The Great Gatsby, third novel by F. Scott Fitzgerald, published in 1925 by Charles Scribner’s Sons. Set in Jazz Age New York, the novel tells the tragic story of Jay Gatsby, a self-made millionaire, and his pursuit of Daisy Buchanan, a wealthy young woman whom he loved in his youth.
Unsuccessful upon publication, the book is now considered a classic of American fiction and has often been called the Great American Novel.
Love, desire, and sex are a major motivators for nearly every character in The Great Gatsby. However, none of Gatsby’s five major relationships is depicted as healthy or stable.
Gatsby’s portrayal of love and desire is complex. So we will explore and analyze each of Gatsby’s five major relationships: Daisy/Tom, George/Myrtle, Gatsby/Daisy, Tom/Myrtle, and Jordan/Nick. We will also note how each relationship develops through the story, the power dynamics involved, and what each particular relationship seems to say about Fitzgerald’s depiction of love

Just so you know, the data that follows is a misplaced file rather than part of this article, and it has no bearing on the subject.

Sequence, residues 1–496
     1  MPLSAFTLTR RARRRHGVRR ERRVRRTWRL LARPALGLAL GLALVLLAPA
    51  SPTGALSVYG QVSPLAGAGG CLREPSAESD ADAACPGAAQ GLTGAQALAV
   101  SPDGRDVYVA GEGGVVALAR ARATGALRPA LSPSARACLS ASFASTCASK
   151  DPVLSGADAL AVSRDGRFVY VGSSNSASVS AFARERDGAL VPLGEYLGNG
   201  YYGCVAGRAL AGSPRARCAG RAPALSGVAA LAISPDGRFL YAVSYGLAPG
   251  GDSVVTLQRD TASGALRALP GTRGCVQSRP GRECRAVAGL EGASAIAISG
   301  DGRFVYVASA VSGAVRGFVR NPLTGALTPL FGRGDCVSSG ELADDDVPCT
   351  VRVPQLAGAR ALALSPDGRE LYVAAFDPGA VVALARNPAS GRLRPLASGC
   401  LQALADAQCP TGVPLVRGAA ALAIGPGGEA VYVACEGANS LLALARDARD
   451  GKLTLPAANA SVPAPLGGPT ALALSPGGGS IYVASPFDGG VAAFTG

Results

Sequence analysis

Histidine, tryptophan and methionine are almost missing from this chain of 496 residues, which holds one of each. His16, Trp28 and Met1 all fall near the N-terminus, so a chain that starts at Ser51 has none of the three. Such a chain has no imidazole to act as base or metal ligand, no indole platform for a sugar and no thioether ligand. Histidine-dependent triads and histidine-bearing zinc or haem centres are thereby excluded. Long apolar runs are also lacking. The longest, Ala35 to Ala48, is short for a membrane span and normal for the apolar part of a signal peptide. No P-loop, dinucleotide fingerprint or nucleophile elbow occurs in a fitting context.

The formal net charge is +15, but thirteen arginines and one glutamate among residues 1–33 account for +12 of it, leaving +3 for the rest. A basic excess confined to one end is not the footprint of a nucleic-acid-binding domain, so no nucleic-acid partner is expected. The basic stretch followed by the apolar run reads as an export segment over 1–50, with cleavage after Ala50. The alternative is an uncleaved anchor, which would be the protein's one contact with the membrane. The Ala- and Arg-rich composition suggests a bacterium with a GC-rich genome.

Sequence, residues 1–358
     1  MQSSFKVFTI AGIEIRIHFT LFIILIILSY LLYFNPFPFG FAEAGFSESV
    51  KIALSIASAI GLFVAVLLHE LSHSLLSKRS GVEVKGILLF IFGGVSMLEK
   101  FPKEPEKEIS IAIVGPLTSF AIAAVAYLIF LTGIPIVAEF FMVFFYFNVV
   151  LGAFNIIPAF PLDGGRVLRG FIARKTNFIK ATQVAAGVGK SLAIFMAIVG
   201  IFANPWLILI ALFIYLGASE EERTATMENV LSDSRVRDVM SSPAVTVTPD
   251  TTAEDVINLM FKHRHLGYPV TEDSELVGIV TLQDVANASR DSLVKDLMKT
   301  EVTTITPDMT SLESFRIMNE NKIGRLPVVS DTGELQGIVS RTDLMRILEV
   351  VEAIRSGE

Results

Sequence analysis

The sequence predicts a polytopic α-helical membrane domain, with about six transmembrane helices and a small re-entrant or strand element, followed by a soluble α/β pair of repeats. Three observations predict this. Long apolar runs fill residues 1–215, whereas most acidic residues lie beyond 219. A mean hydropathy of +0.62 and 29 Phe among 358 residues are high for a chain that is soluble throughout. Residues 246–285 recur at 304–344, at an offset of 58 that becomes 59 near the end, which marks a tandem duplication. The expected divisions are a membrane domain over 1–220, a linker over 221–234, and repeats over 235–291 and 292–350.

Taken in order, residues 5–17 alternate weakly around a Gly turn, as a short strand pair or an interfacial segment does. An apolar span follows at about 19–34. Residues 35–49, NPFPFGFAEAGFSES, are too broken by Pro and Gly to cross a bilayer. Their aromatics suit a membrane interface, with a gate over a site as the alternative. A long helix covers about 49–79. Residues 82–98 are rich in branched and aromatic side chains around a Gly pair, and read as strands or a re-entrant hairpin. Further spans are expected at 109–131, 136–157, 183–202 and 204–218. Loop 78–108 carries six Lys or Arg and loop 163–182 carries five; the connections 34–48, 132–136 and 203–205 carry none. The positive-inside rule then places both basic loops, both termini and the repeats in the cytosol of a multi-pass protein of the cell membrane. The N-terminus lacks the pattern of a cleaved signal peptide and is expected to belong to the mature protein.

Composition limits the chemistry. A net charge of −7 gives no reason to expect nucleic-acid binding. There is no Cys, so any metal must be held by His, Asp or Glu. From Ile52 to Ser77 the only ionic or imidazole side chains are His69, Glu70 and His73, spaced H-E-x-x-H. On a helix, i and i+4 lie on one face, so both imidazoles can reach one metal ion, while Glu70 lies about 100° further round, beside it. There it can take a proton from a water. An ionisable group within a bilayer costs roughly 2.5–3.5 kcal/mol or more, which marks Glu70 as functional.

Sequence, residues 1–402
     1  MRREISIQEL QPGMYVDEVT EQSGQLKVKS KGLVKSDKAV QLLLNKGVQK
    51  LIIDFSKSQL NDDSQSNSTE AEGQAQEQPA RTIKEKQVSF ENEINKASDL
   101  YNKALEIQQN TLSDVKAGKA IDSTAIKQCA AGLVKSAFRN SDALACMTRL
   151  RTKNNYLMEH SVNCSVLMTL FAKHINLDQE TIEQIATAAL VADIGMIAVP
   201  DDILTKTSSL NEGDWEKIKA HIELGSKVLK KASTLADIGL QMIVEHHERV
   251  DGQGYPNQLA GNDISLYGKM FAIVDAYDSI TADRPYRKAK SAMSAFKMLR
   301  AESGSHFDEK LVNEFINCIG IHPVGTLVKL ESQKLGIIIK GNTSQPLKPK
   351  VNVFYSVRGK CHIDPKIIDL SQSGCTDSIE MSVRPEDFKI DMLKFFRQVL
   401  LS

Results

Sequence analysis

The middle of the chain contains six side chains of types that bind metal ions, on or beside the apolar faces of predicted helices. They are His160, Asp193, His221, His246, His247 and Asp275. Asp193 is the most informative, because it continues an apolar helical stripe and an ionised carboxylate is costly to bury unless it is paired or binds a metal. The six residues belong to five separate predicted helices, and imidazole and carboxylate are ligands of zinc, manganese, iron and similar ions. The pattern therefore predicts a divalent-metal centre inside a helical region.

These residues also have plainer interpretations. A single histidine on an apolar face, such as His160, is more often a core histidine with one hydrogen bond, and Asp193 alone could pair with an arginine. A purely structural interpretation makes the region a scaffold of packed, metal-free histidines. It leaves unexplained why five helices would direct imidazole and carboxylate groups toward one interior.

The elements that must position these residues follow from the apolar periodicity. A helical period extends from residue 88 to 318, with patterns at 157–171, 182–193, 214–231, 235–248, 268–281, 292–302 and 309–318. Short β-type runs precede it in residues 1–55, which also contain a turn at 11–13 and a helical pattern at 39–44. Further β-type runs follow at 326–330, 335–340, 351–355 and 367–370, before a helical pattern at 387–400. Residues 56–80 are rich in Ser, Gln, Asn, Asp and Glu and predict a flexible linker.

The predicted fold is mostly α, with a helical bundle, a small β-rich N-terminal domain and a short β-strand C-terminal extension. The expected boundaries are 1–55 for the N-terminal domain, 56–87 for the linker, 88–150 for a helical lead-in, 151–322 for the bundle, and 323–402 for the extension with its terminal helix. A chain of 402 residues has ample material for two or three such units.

The tragic end to this affair, as well as Daisy and Gatsby’s, reinforces the idea that class is an enormous, insurmountable barrier, and that when people try to circumvent the barrier by dating across classes, they end up endangering themselves.
Ultimately, Fitzgerald paints a highly provocative, beautiful and complicated dance between love and class: where materialism, fun, and status win out against faithfulness and morals.
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